Wednesday 15 November 2017

Quick Lit November 2017

Linking up with Modern Mrs Darcy for quick reviews of books we've read over the past month.

Untangled by Lisa Damour
You know an author is on your side when she jokes about your teenage daughter straining her eye-rolling muscles. Untangled is a mix of psychotherapy, scientific findings and practical advice to help you help your daughter negotiate the often choppy, sometimes stormy, seas of the teen years. I appreciated that the gist of the book was that yes, your daughter is being normal when she acts like a little witch, but yes, she still needs you to insist on models of decent behaviour. A recommendation from Modern Mrs Darcy.

Everything that Remains by Joshua Fields Milburn, with interruptions by Ryan Nicodemus
I was out of luck trying to get this via interlibrary loan (or I was away for the summer when it came in), so when I saw that The Minimalists were offering this and one of their other books as a free PDF download via Gumroad, I took the chance. If prose can be purple and spare at the same time, this book is it. The writing is a little offbeat (after all, they did co-found Asymmetrical Press), but if you are already familiar with The Minimalists, you might enjoy this more in-depth memoir, or narrative non-fiction as Josh calls it. For a how-to on minimalism, try the other free download, Minimalism: Live a Meaningful Life.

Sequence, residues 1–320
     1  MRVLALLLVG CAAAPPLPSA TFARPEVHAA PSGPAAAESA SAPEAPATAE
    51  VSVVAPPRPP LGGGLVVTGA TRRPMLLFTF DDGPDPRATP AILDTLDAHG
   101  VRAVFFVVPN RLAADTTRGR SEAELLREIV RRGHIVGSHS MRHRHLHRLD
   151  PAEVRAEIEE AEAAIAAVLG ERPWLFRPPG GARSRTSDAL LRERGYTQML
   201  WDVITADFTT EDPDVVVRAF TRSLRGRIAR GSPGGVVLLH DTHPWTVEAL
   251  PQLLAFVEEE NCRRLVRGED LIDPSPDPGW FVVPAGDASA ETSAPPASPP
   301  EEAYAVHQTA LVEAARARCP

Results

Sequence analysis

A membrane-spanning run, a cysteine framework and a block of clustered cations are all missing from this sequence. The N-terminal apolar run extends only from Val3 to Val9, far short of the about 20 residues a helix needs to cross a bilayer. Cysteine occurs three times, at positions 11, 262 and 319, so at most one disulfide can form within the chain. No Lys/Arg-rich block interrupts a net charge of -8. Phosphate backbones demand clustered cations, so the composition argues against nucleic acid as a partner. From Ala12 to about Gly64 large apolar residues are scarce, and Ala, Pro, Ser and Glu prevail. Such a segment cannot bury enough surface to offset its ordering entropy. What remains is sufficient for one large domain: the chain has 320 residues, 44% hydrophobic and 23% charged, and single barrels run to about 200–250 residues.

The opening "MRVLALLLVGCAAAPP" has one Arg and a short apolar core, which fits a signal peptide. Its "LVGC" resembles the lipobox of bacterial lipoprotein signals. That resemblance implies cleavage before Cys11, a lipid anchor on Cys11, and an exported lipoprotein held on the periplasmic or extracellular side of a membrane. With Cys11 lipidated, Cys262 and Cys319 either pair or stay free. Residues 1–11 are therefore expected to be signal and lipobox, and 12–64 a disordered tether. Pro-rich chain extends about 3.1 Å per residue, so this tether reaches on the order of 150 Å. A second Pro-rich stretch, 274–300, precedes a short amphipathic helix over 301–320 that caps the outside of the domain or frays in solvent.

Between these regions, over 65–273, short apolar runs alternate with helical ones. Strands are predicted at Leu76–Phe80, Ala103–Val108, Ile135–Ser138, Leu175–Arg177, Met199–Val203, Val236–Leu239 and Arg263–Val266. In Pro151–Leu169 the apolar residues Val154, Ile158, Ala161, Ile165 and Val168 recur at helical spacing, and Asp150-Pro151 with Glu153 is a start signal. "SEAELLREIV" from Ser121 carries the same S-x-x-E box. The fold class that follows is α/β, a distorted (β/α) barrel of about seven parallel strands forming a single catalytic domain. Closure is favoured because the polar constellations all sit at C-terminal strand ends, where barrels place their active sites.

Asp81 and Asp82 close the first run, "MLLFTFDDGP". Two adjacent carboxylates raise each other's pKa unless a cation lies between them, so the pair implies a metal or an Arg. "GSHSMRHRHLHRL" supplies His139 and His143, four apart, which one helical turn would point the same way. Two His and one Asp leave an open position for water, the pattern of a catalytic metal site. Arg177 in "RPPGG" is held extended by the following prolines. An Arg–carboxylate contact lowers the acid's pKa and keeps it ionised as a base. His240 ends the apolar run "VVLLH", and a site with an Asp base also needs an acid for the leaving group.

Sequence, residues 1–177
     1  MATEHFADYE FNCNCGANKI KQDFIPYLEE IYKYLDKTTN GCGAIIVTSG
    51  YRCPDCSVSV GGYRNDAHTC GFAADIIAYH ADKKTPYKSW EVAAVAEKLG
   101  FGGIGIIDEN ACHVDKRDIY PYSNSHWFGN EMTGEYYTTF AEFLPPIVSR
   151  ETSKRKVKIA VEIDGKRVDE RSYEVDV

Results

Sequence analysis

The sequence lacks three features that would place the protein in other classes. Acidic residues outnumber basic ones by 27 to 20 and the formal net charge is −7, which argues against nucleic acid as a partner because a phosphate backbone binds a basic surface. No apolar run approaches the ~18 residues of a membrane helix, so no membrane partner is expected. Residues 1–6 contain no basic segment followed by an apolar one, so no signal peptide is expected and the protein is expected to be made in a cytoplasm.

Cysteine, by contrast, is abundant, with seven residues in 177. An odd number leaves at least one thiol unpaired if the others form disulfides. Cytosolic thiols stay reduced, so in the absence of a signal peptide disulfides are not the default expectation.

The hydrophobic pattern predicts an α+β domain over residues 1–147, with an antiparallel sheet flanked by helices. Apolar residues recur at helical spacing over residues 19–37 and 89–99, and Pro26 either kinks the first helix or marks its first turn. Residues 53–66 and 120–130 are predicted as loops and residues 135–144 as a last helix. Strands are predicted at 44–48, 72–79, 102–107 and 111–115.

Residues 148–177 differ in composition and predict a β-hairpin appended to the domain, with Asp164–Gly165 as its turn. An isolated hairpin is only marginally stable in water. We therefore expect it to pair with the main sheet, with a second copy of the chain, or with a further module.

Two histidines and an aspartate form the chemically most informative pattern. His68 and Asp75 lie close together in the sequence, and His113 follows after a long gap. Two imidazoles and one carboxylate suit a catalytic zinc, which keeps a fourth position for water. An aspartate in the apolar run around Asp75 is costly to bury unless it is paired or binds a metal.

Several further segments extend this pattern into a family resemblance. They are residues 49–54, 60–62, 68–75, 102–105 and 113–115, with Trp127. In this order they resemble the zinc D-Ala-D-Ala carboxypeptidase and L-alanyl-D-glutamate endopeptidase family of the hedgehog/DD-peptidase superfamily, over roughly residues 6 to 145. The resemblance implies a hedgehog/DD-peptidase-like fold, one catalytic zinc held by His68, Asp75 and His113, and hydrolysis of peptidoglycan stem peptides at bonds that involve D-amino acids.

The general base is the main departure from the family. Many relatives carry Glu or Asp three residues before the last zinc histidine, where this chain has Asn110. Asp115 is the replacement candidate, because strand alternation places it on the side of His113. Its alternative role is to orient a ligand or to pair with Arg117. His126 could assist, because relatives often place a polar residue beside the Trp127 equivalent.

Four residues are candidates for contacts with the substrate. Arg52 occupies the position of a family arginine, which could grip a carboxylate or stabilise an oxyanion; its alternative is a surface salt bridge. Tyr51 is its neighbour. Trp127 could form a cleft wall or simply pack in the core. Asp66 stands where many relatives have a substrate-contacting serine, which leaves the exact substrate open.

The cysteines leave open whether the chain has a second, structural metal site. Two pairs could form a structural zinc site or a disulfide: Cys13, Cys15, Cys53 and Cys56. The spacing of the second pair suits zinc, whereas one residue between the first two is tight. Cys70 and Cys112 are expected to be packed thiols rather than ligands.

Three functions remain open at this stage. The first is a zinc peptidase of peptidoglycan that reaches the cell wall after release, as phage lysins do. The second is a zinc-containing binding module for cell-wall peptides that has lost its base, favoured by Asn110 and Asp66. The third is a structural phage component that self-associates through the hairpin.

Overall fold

The Buried Giant by Kazuro Ishiguro
My first spontaneous reading choice in a looong time! The first two books on my list were missing from the library shelves, so I thought, OK, I need to finally tackle The Remains of the Day - but Ishiguro has just won the Nobel prize for literature, so all his books were on display and that was gone. With a toddler rapidly losing patience, I grabbed this. The story is set in post-Arthurian Britain, where people seem to have lost the capacity to hang onto memories. An old couple, Axl and Beatrice, feel the pull to leave their settlement in search of the son they can't fully remember and haven't seen for years for reasons they can't recall - and whose whereabouts they are not certain of. Along the way, they gather unlikely companions and a wider quest emerges, with themes of memory, justice and mercy. I haven't read Ishiguro before, so I wasn't ready for the slap in the face that is characteristic of his work. I found the novel intellectually satisfying but morally unsettling.

Frog went A-Courtin', retold by John Langstaff
This is the Caldecott Medal version of the ancient folk song, where the author weaves together various versions of the song to form a story with a happy ending. My toddler's summary of the story of Frog's courtship of Miss Mouse? "The frog had a sword and horse and went to fight." Ahem...

Happy Thanksgiving to those stateside. Hope you get some time to escape the crowds and read!